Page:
EU snub: Brussels unity in tatters as China summit sees member states go their own way
China: Expert fires warning over ‘divide and conquer strategy’
Next week, Chinese President Xi Jinping is set to host the “17+1” summit in a bid to strengthen its ties with 17 Eastern European countries. The summit will focus on infrastructure investments and the Belt and Road Initiative.
At least 12 of these countries are inside the EU, with the bloc’s member accustomed to acting in unison in a bid to exert power and influence.
But several Baltic states have confirmed neither their president nor prime minister will be attending, in a direct snub to President Jinping.
A spokesperson at the Lithuanian permanent representation to the EU said: “For the moment we can confirm that at 17+1 meeting, Lithuania will not be represented neither at president, nor at prime minister level.”
Estonia’s Foreign Minister Eva-Maria Liimets will be attending the summit, according to a government spokesperson, but not their leader.
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The Latvian prime minister’s office said: “Due to the situation with Covid-19 pandemic, we are still in the process of finalising the details of our participation level.”
A spokesperson for Estonian Prime Minister Kaja Kallas, who came to power last week, said they prefer to address China “via EU common policies”.
They said: “We prefer using much more the EU 27+1 format and to address China via EU common policies.”
Despite this, many EU states will still be attending the summit.
Other EU countries in the Baltic group include Bulgaria, Croatia, the Czech Republic, Greece, Hungary, Poland, Romania, Slovakia and Slovenia.
Non-EU countries such as Albania, Bosnia, North Macedonia, Montenegro and Serbia are also included in the group.
This snub comes after US President Joe Biden promised to form democratic alliances with Baltic countries which will help counterbalance against Beijing.
China’s “17+1” summit was created in 2012 and is a key platform for China to connect with central, eastern and southern Europe.
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While China has not provided any details of the summit, the Chinese mission to the EU revealed it has been delayed due to the coronavirus pandemic.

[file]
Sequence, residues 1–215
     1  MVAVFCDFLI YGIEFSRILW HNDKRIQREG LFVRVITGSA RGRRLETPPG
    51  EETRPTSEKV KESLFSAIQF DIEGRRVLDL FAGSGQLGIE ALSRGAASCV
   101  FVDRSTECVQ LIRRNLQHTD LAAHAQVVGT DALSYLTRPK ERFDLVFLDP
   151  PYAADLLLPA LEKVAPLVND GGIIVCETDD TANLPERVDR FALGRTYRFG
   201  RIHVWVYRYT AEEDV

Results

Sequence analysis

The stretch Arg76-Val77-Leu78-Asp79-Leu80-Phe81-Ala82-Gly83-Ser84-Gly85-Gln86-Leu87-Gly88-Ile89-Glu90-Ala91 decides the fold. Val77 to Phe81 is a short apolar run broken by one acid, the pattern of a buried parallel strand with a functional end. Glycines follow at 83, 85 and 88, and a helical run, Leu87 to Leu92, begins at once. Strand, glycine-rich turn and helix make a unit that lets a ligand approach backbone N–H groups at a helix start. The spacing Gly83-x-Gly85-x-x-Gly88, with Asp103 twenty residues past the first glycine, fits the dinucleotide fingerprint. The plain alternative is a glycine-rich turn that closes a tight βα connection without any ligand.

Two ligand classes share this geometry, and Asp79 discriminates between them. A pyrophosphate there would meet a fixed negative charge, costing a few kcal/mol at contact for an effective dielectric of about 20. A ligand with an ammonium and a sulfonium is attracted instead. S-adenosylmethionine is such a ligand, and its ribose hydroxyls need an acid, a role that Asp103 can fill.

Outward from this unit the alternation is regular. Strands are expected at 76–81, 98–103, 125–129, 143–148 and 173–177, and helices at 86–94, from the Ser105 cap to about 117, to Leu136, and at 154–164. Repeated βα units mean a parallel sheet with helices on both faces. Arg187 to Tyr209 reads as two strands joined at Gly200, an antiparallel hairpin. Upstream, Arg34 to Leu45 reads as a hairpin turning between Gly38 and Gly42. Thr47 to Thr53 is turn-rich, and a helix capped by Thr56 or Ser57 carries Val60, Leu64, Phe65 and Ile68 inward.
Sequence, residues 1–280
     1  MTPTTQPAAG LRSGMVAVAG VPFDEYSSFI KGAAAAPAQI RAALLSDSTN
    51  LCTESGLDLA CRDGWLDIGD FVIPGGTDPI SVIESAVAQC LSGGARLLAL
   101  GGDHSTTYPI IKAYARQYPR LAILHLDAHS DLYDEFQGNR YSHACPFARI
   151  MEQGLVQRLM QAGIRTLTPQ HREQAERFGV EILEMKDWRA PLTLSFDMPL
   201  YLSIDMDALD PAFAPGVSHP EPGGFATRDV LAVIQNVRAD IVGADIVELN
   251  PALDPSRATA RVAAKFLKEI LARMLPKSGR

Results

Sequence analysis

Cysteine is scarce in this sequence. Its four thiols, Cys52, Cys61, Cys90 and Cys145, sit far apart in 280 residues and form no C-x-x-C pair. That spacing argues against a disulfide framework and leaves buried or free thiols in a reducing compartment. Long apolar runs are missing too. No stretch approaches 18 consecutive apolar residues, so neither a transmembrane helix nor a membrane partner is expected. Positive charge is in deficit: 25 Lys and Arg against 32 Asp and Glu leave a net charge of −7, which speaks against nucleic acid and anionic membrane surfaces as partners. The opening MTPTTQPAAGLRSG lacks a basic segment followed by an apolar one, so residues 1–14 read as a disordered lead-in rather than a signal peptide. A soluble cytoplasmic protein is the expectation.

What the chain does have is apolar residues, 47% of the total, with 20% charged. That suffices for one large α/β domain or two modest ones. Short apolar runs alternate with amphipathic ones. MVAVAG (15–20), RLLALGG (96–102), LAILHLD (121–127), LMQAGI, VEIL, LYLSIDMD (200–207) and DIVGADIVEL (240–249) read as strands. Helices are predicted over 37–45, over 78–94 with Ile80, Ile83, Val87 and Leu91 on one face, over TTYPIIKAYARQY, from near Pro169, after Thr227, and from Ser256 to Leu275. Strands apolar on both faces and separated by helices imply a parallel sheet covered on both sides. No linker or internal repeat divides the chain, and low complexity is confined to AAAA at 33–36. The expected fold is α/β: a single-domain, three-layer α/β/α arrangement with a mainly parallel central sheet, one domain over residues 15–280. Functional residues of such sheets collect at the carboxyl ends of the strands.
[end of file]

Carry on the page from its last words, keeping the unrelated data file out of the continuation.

They said: “Due the coronavirus pandemic, the [17+1] summit has been delayed from the original schedule last year.
“Preparatory work for the summit remains ongoing.
“At present, we are in constant communication with all sides regarding the summit’s arrangement.”
This week, an international relations expert warned China is eager to secure “backers” in central and eastern Europe amid concerns the Chinese regime is trying to divide Europe in two.
Jeremy Garlick said: “I think China won’t change cause on central and eastern Europe I think they will try to maintain the 17 plus 1.
“You know they have committed some effort and time to this and we have to remember also the political aspects of it.
“Which is that China sees the need for influence in central and eastern Europe and sees it as a block that it can perhaps influence more than western Europe.
“The talk about divide and conquer strategy, that China is trying to divide Europe into West and East.”
He added: “I don’t think China sees it that way.
“But I do think that China wants to ensure that it has influence here and to make sure, for example, in the United Nations that it has backers that it has countries on its side.
“Whether it can achieve that, whether it can be politically viable for China to gain support from central and Eastern European countries that’s another matter.
“But we don’t see signs of China changing course on its regional forums on other parts of the world and I think China will try to pursue the same course here as well.”
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